For the big drivers of the federal spending crisis, entitlements, Ryan proposes a Medicare premium support system. Seniors would have the option of Medicare’s current fee-for-service program or the premium support system that would give them money to buy private health insurance. Ryan would dole out Medicaid through block grants to states so that governors would have flexibility in tailoring the system to their state’s specific needs.
“We know without a shred of doubt that we are consigning the next generation to an inferior standard of living,” Ryan said of the country’s mammoth entitlement obligations. “We are addressing the most predictable economic crisis in this country’s history.”
But the Medicare system would not start until 2024, meaning those 55 and older would be spared—a move meant to shield Republicans from Democratic attacks that the GOP budget will remove benefits for the elderly. And, to the dismay of conservatives, the plan does not include reforms to Social Security.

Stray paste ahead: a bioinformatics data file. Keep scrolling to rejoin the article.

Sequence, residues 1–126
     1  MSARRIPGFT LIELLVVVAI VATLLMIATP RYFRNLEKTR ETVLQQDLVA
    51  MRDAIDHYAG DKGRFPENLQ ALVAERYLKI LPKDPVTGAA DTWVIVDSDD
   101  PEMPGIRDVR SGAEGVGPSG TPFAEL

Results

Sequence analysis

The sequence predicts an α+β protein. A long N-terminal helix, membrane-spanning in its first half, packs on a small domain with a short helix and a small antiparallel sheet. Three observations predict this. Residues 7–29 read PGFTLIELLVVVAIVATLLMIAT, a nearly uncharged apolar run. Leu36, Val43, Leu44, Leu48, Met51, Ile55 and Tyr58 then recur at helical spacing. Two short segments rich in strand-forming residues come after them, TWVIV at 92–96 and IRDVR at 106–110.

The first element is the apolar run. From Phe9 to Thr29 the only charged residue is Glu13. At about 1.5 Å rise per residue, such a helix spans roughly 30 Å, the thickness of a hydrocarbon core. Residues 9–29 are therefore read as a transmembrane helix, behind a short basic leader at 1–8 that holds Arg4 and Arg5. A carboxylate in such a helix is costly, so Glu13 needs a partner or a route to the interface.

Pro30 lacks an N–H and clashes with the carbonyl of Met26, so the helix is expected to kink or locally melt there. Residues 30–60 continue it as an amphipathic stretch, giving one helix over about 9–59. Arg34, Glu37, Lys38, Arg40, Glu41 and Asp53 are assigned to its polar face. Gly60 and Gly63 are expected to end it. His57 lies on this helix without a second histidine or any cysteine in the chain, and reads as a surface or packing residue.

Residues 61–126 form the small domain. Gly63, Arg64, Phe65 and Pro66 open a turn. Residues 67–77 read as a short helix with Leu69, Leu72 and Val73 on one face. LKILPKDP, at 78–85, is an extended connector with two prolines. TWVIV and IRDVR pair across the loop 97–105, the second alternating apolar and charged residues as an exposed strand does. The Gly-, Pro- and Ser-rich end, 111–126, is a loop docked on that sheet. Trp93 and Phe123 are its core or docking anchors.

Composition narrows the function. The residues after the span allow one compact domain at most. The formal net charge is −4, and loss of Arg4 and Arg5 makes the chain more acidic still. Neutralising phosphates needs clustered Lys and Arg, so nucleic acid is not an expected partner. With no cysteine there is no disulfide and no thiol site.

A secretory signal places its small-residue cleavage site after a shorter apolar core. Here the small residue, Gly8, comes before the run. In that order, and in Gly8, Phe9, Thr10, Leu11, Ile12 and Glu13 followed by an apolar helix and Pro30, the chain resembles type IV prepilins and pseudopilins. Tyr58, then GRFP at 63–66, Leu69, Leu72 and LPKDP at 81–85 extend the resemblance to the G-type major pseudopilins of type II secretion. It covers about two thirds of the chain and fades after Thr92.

Ryan does call for repealing most elements of Obamacare, a move he projects would save the government $1.8 trillion. Ryan includes $962 billion in cuts to other mandatory spending programs.
His core philosophy, repeated several times on Tuesday, is that balancing the budget would grow the economy and make it easier for businesses to plan, invest, and create jobs. But Ryan’s plan, which would see the government spend roughly $985 billion less in 2023 than what the Congressional Budget Office currently predicts for that year, will go nowhere in the Senate. Ryan knows that. He stressed that his proposal shows voters the Republican vision for a “pro-growth society.”